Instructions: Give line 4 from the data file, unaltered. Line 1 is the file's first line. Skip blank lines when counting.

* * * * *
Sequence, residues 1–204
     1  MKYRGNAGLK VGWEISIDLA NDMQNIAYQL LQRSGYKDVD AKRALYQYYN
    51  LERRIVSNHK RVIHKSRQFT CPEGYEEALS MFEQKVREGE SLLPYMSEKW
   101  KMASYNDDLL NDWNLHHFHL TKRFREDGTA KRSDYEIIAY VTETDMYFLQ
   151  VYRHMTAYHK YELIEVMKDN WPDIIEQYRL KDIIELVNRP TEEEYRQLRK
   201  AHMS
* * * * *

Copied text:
   101  KMASYNDDLL NDWNLHHFHL TKRFREDGTA KRSDYEIIAY VTETDMYFLQ